This all is good news, the author can really go in any direction here, and we live and die by those choices. Raise the stakes, or not… keep the hero in the dark, or not… show the audience something nobody in the story knows yet, or not… all are on the table. This is why, when someone naively calls this stuff “formulaic” I want to scream through the screen at them… the options here, combined with the myriad options available for ALL the major story milestones, result in a nearly infinite combinations of core competencies, story physics and expositional story beats. Which is why, even with a deep and evolved understanding of these things, it’s still hard, still elusive, and at best allows one to cultivate a shot at it. Which is the best we can ever hope for. That shot deserves the best chance we can bring to it, and these principles are what makes that happen.

Thanks for your continued interest and support. Very valuable and much appreciated. L.

Robert Jones March 8, 2013 at 7:50 pm

Thank you, Larry. I did read the material and recalled that part about the curtain being able to part for the audience, or hero, or both. However, I’ve gone over my plot and questionnaire pretty meticulously these weeks. And every time I come to that part of the question concerning mid-point, “and how does this shift the hero’s context from responder/wanderer to attacker/warrior?” I keep pausing, wondering if this shift should have a more immediate effect.

I needed to keep the villain’s plans on hold until things go into overdrive in part four. In part three, I needed to create a space for the hero to begin to physically recover–and get over those inner demons– in the first half. Of course, he’s still drawn into the fray before he can fully recover, leading up to his trying to resolve things and seeming to fail miserably–leading up to the lull and then a twist for PP2.

There’s a lot to wrap up in part four, but I’m planning to have hardly a beat, (or two at most), between scenes once the hero catapults from PP2, in an attempt to keep the wrap-up building at a pretty rapid pace towards the conclusion.

That’s the plan anyway. Guess I just needed a little moral support here.

Thanks again!

Deanna March 12, 2013 at 2:32 am

Thanks for the deconstruction, Larry. I saw this film the other night and remembered you’d written these posts, so I came back to them.

I enjoyed the movie but unfortunately it’s one of those stories that the more you think about it, the less it makes sense. It seems to me this is more acceptable in movie-making, where “just do whatever is the coolest!” (especially what LOOKS the coolest) goes down a lot easier with an audience than it does with readers (although less so these days – the Rule of Cool is invading everything).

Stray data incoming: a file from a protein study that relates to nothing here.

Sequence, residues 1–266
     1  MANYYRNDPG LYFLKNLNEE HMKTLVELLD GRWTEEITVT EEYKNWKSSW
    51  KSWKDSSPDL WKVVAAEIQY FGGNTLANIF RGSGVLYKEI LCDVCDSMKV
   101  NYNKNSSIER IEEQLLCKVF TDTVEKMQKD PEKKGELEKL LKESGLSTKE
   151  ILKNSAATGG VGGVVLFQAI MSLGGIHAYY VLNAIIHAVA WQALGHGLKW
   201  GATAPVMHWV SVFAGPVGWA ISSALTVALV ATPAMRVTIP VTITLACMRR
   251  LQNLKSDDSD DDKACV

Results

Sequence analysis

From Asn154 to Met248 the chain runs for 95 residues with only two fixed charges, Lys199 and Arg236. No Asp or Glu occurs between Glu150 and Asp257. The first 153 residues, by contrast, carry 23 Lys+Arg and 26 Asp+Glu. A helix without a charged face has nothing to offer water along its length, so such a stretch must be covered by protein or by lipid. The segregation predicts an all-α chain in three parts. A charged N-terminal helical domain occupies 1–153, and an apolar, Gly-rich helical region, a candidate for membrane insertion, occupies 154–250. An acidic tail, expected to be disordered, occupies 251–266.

I appreciate the brilliant structure of the storytelling, but it’s built on a shaky foundation that I just couldn’t swallow: we’re told that a Not Guilty by Reason of Insanity defense has a 1% success rate, yet our two villains build their entire scam on those odds. Their failure (which was a 99% probability) would have put them both in jail for decades. So it was a really stupid scam.

A few other points: Channing Tatum was physically miscast. This guy is LITERALLY G.I. Joe. His tiny wife could not have stabbed him to death. Even if she got really lucky and hit a vital artery with the first stab, she couldn’t have *known* she’d get lucky.

She was supposedly penniless after he went to jail yet she needed a great lawyer to win her NGRI defence – how fortunate her mother-in-law (inexplicably) sided with her and paid for one. Again, Emily couldn’t have predicted this.

Our hero Banks had an easy ride in the last part of the movie – nothing went wrong for him, perhaps because the writer didn’t want to add more complications, but it’s not exactly the Hero’s Journey. He did some rather unheroic things, too – faking Emily’s psych test, inciting her to violence to get her put away again. I wish the writer hadn’t done that to him. Her final scene suggests she’s been left to rot in an asylum, but Banks would never be allowed to remain as her doctor now the truth is out, so there’s no way he could keep her committed.

Finally, he deserved much better than that awful, unsympathetic wife, who refused to stand by him (even before he was implicated in an affair with Emily) or understand his need to clear his name. For some reason he took her back and their marriage was peachy again.